Mychal Givens was just 6 years old when Ozzie Smith retired, so everything he's seen of the player who revolutionized the shortstop position is relegated to baseball videos and ESPN Classic.
This week, they came together.
Shortstop of the past, meet the shortstop of the future.
On Friday night, the Plant standout was given the Jackie Robinson Award, annually given to the top rising high school baseball player in the nation that nearly cements Givens as a first-round draft pick in the 2009 Major League Baseball draft. Today, he will play in the nationally televised Aflac High School All-American Game, which showcases 38 of the game's best high school seniors at Dodger Stadium.
Along the way this week, Smith — who won 13 consecutive Gold Gloves — has taken notice of Plant's 18-year-old star. Smith is the honorary chairman of today's game. He has shaken Givens' hand and posed for photos with him, photos that could decades from now bridge the shortstop generational gap.
"I've seen him do the flip, I've seen him do the behind-the-back plays," Givens said. "He's one of the guys I grew up looking up to. He's one of the reasons I'm here."
Smith sees everything in Givens — a solid glove, great athleticism, a strong arm, ideal size and even a 3.7 grade point average — that he needs to become a great shortstop.
At a national showcase this summer, Givens was rated the top prospect. As a pitcher, his fastball topped 95 mph. He hit .421 this past spring, had a .521 on-base percentage and stole 16 bases.
"He can do so many things," Smith said. "He has all the things that are very important for a young man coming out of high school."
Ozzie Smith, a 15-time All-Star, made the difficult play look routine. He brought flash to the position.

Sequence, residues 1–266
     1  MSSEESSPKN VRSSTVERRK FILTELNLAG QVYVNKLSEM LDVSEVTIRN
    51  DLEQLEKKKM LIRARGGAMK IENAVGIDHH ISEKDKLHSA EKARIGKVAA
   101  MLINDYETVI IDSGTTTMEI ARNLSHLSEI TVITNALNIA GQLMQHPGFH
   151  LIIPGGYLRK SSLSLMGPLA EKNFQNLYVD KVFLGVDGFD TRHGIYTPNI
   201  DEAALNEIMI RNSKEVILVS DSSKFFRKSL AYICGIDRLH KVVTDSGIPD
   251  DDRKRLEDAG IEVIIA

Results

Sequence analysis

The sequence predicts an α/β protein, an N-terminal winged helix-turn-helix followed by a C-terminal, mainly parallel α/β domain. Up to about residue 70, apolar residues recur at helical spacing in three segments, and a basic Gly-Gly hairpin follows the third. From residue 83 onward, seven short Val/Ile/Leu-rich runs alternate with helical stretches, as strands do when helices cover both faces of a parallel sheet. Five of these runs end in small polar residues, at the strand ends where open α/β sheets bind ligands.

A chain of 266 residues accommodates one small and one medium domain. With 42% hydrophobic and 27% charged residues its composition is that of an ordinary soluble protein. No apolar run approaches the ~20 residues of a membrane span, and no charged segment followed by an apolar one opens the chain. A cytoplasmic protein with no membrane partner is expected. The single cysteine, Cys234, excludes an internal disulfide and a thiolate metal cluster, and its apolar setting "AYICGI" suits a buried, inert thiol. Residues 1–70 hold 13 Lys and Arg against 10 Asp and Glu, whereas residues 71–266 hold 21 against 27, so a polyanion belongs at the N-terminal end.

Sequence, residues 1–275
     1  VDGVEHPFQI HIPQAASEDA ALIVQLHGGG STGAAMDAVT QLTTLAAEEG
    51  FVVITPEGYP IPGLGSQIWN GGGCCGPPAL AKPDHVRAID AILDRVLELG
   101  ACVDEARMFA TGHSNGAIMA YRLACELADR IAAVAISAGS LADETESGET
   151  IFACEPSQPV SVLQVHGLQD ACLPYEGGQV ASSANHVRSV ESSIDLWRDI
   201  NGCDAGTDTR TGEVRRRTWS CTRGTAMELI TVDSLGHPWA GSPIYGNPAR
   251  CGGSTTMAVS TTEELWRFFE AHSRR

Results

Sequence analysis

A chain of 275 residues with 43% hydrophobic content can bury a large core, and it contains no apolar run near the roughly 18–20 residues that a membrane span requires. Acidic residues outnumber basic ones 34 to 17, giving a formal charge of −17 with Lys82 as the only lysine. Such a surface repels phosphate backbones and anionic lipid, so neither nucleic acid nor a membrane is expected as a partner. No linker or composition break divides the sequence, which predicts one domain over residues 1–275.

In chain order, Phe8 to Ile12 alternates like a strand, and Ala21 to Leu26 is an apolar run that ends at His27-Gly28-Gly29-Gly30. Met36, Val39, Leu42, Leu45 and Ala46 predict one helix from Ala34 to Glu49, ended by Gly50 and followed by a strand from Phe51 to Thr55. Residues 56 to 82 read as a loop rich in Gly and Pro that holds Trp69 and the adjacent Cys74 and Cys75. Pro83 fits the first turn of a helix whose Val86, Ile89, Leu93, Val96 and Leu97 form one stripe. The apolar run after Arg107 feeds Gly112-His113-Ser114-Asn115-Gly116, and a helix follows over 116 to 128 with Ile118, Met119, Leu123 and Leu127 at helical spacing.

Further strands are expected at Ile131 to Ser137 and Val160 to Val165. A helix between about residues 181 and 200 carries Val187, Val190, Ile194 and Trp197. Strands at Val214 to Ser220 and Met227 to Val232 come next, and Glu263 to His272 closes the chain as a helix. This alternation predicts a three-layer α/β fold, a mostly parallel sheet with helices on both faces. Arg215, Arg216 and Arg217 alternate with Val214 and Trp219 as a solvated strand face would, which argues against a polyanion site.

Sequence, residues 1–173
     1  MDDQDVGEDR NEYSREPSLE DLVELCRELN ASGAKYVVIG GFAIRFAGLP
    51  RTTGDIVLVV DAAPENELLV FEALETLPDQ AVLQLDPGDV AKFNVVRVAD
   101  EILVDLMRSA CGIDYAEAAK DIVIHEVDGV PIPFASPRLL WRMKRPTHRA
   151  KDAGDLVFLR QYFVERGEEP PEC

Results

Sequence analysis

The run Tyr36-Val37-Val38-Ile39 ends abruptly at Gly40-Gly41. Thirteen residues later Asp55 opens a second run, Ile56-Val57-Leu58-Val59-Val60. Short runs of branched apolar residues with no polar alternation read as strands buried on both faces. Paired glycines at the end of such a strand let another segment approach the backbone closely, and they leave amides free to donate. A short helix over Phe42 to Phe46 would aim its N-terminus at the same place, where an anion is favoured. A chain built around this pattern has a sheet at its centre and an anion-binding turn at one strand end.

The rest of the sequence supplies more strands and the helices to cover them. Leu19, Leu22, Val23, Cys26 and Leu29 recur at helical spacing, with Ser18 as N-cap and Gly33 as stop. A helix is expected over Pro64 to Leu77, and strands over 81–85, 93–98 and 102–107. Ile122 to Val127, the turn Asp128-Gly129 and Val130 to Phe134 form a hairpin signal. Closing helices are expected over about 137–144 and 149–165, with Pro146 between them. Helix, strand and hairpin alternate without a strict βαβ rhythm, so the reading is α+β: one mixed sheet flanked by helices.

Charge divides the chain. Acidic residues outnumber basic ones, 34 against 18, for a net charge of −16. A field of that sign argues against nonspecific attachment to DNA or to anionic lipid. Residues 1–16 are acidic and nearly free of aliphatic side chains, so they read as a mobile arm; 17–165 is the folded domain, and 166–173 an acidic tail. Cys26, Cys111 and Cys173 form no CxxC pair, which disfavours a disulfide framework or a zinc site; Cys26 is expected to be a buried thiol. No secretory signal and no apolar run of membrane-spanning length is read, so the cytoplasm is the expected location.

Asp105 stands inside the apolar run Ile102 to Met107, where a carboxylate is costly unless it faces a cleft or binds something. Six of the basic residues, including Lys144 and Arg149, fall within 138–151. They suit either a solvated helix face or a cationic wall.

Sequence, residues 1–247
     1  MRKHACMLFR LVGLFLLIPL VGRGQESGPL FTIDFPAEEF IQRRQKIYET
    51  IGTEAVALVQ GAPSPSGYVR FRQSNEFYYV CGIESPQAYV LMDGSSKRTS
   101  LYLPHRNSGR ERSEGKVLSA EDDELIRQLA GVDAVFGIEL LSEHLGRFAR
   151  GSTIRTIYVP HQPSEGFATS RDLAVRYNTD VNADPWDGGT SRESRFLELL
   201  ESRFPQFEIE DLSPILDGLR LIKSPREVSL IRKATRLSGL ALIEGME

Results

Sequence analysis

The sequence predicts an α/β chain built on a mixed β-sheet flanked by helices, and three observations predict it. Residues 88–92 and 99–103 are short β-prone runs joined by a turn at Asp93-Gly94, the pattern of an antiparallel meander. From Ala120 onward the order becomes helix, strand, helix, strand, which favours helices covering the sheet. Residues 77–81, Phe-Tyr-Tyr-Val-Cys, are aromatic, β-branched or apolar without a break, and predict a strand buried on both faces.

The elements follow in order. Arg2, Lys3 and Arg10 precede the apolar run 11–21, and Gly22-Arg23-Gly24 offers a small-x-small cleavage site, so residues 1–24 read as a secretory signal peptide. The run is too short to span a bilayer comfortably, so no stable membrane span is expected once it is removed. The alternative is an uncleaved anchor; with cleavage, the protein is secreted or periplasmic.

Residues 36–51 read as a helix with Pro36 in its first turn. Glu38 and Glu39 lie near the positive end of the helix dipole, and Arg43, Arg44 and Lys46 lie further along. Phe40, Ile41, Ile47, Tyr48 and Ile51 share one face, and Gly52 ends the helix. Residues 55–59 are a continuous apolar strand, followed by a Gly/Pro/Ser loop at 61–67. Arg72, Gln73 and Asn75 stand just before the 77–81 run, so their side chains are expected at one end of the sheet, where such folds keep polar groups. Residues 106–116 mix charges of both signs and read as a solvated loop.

But now, as he serves as a mentor for tomorrow's stars, he tells them one thing: Focus on the routine play.
"The position is so different now," Smith said. "A lot of them can make the spectacular plays. You have to know how to make the play when the ball comes to you. You want them to be the guy everyone wants the ball hit to late in the ballgame."
Smith doesn't consider himself a coach, but three springs ago he came to Tampa Bay Rays camp to help tutor B.J. Upton when he was coming off a 53-error season as a shortstop in Triple-A. Since then, Upton was moved to second base and now is flourishing in centerfield.
"Sometimes teams rush a guy through," Smith said. "His bat was so potent, and he's doing well as an outfielder, but sometimes teams don't understand it takes time, and a lot of blood sweat and tears. Sometimes they don't give guys enough time to learn the position."
"It's not going to happen overnight," Smith said. "A guy like Mychal Givens, he is an offensive player and can play everywhere. A lot of players go to the big leagues too quickly without honing their skills and consistency. It takes time."
So Givens will soak up Smith's advice. Even though Givens might be the best talent in the country, sometimes his fielding, such as in his previous high school season, can be slightly erratic.
But it's not every day you get advice from a Hall of Famer.
"I'm going to listen to that," Givens said. "The amazing plays come in time. It's the routine play that's important."